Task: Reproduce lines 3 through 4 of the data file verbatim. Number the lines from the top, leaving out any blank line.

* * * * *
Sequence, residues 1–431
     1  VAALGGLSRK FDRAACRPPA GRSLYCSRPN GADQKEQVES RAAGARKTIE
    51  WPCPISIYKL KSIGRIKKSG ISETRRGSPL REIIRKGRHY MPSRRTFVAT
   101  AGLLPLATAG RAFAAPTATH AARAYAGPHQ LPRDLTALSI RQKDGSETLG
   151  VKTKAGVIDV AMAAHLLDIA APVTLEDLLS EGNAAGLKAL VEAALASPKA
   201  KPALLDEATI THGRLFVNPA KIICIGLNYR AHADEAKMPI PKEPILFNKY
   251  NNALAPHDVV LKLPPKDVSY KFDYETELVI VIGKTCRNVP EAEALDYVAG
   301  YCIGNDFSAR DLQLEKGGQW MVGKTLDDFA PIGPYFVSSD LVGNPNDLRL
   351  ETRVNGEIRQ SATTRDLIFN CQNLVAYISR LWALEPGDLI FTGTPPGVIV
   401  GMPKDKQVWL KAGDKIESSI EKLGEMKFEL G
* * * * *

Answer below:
    51  WPCPISIYKL KSIGRIKKSG ISETRRGSPL REIIRKGRHY MPSRRTFVAT
   101  AGLLPLATAG RAFAAPTATH AARAYAGPHQ LPRDLTALSI RQKDGSETLG